Last summer Angela Garbes interviewed me for an incredible essay "The More I Learn About Breast Milk, The More Amazed I Am." A subject we discussed was one of those things you can't unlearn: Baby Spit Backwash. During the interview, I emphasized that the specific "baby saliva triggers immunofactors to increase in breastmilk" remains a hypothesis. But key links in this pathway have been empirically demonstrated:
1) Moms increase the concentration of some immunofactors in breastmilk when babies are sick (but moms are not) (Hassiotou et al. 2013; Breakey et al. 2015).
2) When babies suckle, nipple diameter increases and there is a vacuum with negative pressure, delivering fluids from the infant oral cavity— a cocktail of milk and saliva— back into the ducts of the breast. For the record the technical term for "baby spit backwash" is "retrograde milk flow" (Geddes et al. 2008; Geddes 2009; Geddes et al. 2012; Ramsey et al. 2004).
3) Milk is alive— with immune cells, stem cells, and microbes of maternal and infant origin (Hassiotou et al. 2013, Funkhouser and Bordenstein 2013)
Moreover, what we know about mammary gland anatomy & physiology and immune response indicates that this "baby saliva stimulates immune response" is not so far-fetched.
Depending on the illness, babies shed pathogens from mucus membranes— upper respiratory nasties hitching a ride through runny noses and coughing mouths— mixing together in saliva and snot as babies latch on to suckle at the breast. These naso-oral secretions from the baby backwash into the nipple duct system, bringing the pathogens with them.
And a fundamental component of the appropriately functioning immune system is that exposure to pathogens triggers immune responses. As any mother who has tangled with mastitis can tell you, immune response in the mammary gland is hecka important. And natural selection may have favored an increase in immune molecules in the mammary & milk because they functioned to protect the mammary gland, protect the baby, or both the mammary gland AND the baby.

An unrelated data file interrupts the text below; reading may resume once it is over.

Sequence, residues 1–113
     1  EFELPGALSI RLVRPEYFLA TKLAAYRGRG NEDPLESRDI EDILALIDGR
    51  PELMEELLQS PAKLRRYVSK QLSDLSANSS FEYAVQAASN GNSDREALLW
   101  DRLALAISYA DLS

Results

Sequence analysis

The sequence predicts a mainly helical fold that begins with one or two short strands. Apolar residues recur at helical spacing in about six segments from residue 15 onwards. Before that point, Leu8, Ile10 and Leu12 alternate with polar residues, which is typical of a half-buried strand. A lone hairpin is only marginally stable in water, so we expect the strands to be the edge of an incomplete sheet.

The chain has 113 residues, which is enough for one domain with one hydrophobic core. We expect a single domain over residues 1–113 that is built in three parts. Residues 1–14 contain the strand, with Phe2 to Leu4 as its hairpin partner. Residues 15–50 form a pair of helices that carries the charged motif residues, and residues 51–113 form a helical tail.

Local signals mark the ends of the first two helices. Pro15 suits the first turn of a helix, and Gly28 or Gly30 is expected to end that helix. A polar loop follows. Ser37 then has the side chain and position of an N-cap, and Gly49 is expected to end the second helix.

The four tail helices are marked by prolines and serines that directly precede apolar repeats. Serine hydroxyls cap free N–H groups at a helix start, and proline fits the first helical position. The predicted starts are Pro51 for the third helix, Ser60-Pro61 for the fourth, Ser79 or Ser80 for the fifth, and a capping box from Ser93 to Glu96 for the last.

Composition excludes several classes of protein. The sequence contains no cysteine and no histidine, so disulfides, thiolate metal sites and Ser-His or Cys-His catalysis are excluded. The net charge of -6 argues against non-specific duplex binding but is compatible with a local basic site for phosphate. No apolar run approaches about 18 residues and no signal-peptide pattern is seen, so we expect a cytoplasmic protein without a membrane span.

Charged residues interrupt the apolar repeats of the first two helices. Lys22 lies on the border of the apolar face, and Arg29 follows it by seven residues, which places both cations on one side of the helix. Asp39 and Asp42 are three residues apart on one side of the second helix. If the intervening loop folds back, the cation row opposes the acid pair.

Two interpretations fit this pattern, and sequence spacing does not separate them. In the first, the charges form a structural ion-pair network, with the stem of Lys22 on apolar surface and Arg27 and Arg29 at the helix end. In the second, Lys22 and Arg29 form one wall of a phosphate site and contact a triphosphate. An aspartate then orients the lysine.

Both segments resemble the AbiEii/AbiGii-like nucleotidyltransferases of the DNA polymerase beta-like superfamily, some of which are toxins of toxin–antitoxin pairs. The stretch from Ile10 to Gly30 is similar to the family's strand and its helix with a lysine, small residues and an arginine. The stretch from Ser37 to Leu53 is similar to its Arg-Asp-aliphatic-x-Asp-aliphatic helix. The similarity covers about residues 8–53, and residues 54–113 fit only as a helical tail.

Mother's milk is chock-a-block packed with immune molecules. Babies rely on the immunological umbrella of their mother's breast milk while the baby's own immune system is naive and developing- this is what makes milk not just food, but
But get ready to be even more blown away!
When breast milk mixes with baby saliva a chemical reaction happens that produces hydrogen peroxide. Yep- the combination of breast milk with baby saliva produces a strong enough reaction to "inhibit growth of the opportunistic pathogens Staphylococcus aureus and Salmonella spp" (Al-Shehriet al. 2015) while also promoting the growth of beneficial bacteria. Does adult saliva mixed with breast milk cause this reaction?
just baby spit.
This is just one of the myriad ways that "breastfeeding is a dynamic biological process, not simply a meal at the breast" (Raju 2011). So move over peanut butter chocolate cups, breast milk and baby spit is the real together at last!